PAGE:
One of history's thorniest questions - which comes first, chicken or egg – has found an answer.
In pricing terms, at least.
The egg is certainly proving the leader in terms of rising values in the US, where prices have "spiked" the US Department of Agriculture said.
Values in the benchmark New York table egg market are expected to average $1.64-1.67 per dozen for the September-to-December period overall, a rise of 16% year on year.
However, that disguises a particularly strong recent performance.
"At the beginning of November, wholesale prices for Grade A large eggs in the New York market were in the high-$1.20s per dozen," the USDA said.
"But over the next for weeks prices peaked at $2.18 per dozen."
By contrast, values of chicken meat are losing some buoyancy, thanks to a rise in output reflecting higher bird weights, encouraged by lower grain values, and with the impact of rising bird numbers feedings through.
Indeed, US broiler output in the first week of December soared 12.6% year on year.
"Broiler slaughter was up 8.2% from year‐ago levels. And those birds were huge — 4% bigger than one year ago," Paragon Economics and Steiner Consulting said, also noting a counter-seasonal trend.
"The week's 734.7m pounds of output is the highest of the year at a time that usually marks the seasonal low point."
The USDA said that with "higher year-over-year production expected in fourth-quarter 2014 and into 2015, broiler prices are expected to continue under some downward pressure".
The outperformance of table egg prices is proving more difficult to explain, with the USDA saying it is "uncertain" of the reason behind the increase, which comes at a time of raised output.
US table egg production, at 5.9bn dozen, was 3% higher in the first 10 months of this year than in the same period of 2013.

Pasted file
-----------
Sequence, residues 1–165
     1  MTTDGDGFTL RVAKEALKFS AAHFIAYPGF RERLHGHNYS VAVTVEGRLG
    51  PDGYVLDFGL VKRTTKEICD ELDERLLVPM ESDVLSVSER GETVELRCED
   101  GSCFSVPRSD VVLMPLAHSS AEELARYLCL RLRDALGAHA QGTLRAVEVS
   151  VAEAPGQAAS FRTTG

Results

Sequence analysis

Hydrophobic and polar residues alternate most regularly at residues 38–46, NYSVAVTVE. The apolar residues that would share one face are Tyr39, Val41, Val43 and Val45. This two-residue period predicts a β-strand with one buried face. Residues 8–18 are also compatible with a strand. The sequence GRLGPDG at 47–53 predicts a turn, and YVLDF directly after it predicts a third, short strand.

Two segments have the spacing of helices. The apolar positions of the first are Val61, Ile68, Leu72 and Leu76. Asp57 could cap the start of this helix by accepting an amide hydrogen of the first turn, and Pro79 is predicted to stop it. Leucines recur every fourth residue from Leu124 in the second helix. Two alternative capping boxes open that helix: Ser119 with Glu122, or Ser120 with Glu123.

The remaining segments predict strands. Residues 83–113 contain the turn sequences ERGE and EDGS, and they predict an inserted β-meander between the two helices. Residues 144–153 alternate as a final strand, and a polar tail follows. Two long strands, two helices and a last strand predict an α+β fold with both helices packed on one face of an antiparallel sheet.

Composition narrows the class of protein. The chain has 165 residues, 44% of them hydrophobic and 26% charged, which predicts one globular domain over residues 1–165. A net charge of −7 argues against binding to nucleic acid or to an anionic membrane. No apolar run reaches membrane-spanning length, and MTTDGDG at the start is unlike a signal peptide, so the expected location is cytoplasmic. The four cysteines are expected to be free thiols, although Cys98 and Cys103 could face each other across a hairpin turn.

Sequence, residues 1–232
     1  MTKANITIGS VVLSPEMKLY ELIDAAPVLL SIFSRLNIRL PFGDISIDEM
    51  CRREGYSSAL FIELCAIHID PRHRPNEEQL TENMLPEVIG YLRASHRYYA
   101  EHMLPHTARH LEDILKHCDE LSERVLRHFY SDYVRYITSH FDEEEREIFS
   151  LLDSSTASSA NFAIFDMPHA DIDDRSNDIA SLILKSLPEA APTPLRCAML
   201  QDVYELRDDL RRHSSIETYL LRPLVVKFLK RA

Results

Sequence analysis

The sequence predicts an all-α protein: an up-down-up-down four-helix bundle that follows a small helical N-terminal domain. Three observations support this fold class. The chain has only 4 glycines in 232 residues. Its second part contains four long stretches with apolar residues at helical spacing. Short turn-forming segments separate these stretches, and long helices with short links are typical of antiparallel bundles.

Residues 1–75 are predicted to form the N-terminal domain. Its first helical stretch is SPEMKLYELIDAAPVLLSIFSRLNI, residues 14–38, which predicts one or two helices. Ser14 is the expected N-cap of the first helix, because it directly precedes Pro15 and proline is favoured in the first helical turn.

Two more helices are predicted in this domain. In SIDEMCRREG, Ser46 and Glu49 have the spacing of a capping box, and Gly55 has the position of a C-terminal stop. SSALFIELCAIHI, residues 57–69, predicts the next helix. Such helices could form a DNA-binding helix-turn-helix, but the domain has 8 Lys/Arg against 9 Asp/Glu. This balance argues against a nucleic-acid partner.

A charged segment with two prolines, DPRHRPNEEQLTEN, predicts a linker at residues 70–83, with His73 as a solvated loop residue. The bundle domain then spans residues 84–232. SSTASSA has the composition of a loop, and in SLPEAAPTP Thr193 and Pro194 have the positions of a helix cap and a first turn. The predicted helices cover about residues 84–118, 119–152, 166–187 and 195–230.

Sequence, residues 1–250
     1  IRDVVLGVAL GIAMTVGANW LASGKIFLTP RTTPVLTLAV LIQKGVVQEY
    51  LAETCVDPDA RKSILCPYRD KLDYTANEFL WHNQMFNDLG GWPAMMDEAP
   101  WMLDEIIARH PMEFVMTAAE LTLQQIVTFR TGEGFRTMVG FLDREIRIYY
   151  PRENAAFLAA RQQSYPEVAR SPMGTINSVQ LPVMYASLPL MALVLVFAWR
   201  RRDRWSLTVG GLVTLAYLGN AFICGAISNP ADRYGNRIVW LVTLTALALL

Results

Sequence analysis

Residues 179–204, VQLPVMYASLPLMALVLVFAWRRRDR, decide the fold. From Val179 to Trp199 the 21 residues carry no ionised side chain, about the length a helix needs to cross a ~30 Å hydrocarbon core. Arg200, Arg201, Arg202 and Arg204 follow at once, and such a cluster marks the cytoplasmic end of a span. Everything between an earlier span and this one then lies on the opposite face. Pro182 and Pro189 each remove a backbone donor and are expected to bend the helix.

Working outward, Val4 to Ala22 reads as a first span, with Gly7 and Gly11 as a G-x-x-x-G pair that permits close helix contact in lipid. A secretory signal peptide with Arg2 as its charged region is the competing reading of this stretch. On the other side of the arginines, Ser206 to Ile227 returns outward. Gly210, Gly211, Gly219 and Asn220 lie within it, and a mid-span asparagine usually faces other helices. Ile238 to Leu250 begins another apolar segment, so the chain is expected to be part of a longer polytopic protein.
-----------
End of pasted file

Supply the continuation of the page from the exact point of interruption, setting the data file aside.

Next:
And, with the laying flock bigger, up 2% year on year at 303m hens in October, egg production is "expected to remain higher than the previous year through the remainder of 2014 and into 2015".
"Some possible factors are greater numbers of eggs being broken and a strong increase in exports of table eggs," the USDA said, estimating breakages at 399m dozen eggs in September and October, up 8% year on year.
While the USDA gave no explanation for the breakages, they could reflect a younger flock, or differences in feed.
Exports, meanwhile, soared 25% year on year to 25.1m dozen in October,
"If increases in eggs broken and table egg exports continued in November, they may have combined to put upward pressure on table egg prices."
However, the rise in egg prices comes as no surprise to many observers, who have forecast improved chicken welfare rules in California having knock-on effects.
With California importing about one-third of its eggs, the rules mean egg companies in exporting states, such as Iowa, the top producing state, will have to comply too.
Cal-Maine Foods, the world's biggest table egg company, which in September warned that California's legislation "could have a significant impact on egg production throughout the country" may give a further insight when it reports results next week.